Molded in a red velvet dress, she leaned against the door by the entryway leading to the cafeteria. Her face buried in a book, she was totally oblivious to the noisy world around her and completely unaware of my presence approaching. Her friends were there, too. On the couch oblique from the bookstore, gossiping, were Egretta, Arianne, Martine and Jean-Robert. Their marbled, shiny eyes widened as they saw me stroll towards Elodie. They waved and I reciprocated with a timid grin.
Few paces away from Elodie, my lips suddenly numbed, and my feet turned cold, anchored to the ground. My heart raced in mounting anxiety. But, she was still there, burying her golden cheeks, her grayish feline eyes in what seemed to be an intriguing story. I glanced across the gigantic room, and I saw no one, all of a sudden. The many students going in and around, buying lunches, in a blur, were nowhere in sight. Her friends on the couch had simply morphed into a purple mist.
Completely paralyzed by spook, there, I stood, unable to utter a word. She then closed her book, facing the courtyard. Her back was turned on me. She walked across the room and made her way to the exit door. I resurrected the last vestige of energy still remaining in my crippled body. I followed her through the exit door, trailing the regal motion of her steps. Her long stresses floated in the afternoon breeze when she passed by the coconut palms.
I was just a pace behind, but she quickened her steps. An avalanche of tears welled down my cheeks, and I began to send shrieks of wails in our universe of silence. My wailing had caught up with her, and she turned around, arms outstretched, while her book dropped face down—the pages sprawled like a dead bird. In stupefaction, we leaped into each others’ arms, interlacing under the silky caress of the wind.
Though a quadroon mulâtresse, her African lineage was impossible to overlook when she threw her joyous laughter. Our fingers intertwined, I freed myself from her embrace, leaving a few inches of space between us. I surveyed Elodie from head to toes. Her flawless feature was still the same, erect, toned and curvy. “I waited 20 years by the post, and I wouldn’t mind waiting for another 20. I love you more than I can say,” she muttered, peering into my big black eyes, seeking assurances.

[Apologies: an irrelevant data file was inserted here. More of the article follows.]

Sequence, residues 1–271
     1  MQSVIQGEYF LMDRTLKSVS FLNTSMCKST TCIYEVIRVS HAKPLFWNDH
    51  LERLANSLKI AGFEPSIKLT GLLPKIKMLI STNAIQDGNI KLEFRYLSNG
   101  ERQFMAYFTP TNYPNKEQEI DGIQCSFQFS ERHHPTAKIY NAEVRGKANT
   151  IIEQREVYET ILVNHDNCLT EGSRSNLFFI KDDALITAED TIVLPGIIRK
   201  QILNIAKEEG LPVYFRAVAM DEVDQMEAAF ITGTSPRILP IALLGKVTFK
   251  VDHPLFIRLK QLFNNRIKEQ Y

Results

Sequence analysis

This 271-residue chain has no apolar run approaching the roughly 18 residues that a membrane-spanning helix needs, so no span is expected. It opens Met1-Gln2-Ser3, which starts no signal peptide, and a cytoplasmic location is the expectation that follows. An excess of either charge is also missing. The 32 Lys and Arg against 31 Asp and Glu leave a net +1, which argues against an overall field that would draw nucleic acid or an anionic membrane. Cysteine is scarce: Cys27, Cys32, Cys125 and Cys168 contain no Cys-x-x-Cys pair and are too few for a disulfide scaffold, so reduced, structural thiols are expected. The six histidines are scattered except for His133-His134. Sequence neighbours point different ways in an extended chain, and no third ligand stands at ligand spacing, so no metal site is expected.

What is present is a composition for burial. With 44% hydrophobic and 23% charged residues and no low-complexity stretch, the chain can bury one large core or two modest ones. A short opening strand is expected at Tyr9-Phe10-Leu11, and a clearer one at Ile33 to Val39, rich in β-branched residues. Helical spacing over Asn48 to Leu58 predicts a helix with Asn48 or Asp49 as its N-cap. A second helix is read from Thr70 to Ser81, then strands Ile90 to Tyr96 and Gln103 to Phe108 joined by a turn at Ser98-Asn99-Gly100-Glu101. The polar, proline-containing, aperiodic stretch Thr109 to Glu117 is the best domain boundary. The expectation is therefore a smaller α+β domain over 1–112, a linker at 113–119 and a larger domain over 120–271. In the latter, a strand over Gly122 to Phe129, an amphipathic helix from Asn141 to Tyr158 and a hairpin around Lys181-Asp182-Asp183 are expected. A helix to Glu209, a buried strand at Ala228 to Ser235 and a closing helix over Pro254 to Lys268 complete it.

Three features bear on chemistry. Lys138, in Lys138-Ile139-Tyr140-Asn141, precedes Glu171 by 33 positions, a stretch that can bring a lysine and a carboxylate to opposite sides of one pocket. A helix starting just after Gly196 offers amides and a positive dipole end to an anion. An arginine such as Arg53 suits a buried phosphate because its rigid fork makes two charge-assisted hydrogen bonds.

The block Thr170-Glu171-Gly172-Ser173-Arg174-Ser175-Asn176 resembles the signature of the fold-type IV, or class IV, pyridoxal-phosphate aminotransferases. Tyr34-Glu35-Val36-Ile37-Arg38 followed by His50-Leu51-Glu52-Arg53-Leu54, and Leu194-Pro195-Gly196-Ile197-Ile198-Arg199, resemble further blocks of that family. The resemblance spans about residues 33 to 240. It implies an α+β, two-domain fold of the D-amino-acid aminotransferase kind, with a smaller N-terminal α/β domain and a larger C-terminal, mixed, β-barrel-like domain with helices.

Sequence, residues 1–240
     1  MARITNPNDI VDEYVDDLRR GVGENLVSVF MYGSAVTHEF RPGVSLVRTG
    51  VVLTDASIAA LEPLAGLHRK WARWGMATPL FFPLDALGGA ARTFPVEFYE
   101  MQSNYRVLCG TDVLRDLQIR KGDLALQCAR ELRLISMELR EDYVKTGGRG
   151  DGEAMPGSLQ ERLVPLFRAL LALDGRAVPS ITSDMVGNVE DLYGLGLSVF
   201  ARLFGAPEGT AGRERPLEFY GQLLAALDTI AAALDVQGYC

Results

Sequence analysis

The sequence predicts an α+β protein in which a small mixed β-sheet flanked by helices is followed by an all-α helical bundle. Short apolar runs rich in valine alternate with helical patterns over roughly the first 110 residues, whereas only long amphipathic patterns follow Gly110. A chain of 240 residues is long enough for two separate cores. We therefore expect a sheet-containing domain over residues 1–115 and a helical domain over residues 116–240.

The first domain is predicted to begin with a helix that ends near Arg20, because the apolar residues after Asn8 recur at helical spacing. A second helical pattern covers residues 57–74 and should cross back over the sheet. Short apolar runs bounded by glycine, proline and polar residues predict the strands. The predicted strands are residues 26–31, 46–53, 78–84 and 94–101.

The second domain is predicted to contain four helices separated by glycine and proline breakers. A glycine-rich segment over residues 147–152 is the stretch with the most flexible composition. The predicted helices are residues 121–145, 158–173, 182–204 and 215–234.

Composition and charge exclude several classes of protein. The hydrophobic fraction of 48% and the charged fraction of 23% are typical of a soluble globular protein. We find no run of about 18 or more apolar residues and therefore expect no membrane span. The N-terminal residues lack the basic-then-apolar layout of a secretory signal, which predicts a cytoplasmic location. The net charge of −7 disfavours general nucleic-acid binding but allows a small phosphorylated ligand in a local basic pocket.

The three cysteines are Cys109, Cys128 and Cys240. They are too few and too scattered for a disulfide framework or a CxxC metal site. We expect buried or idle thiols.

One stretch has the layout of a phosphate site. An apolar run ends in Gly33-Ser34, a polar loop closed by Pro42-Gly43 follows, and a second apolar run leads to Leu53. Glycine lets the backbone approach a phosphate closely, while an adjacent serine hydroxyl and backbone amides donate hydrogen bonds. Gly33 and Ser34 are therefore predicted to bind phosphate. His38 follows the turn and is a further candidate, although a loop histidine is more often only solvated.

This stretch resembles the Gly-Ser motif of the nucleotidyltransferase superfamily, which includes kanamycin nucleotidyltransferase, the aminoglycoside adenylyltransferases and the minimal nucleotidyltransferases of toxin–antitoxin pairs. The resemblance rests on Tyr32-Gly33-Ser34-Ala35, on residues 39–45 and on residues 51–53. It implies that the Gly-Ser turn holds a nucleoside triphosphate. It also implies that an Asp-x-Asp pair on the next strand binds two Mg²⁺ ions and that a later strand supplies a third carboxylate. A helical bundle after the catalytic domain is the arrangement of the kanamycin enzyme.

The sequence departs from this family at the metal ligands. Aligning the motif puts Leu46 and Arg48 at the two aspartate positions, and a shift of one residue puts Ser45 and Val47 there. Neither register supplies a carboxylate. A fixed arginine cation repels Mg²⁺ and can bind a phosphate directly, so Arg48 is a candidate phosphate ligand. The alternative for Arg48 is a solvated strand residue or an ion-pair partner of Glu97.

I was torn entre l’imaginaire et le réel. “I searched the world, searching everywhere, until my search turned cold. I’m afraid it’s too late,” I muttered, gazing upon the sky, unable to face her capricious smile.
Her eyes turned moist and watery, and she leaned on my chest, desperately lurching for the elusive comfort she may have missed over the last 20 years. “We may never see again, but before fading once more out of my radar screen, show me how to live without you.”
“Chérie, you’ve done it for two decades, and you seem fine. I aged, not you.”
It was too much to bear. Her lacerating cry brought me back to reality, and I bolted awake. It was just a dream.
Dr. Ardain Isma is editor-in-chief of CSMS Magazine. He teaches Cross-Cultural Studies at the University of North Florida (UNF). He is a scholar as well as a novelist. He may be reached at:firstname.lastname@example.org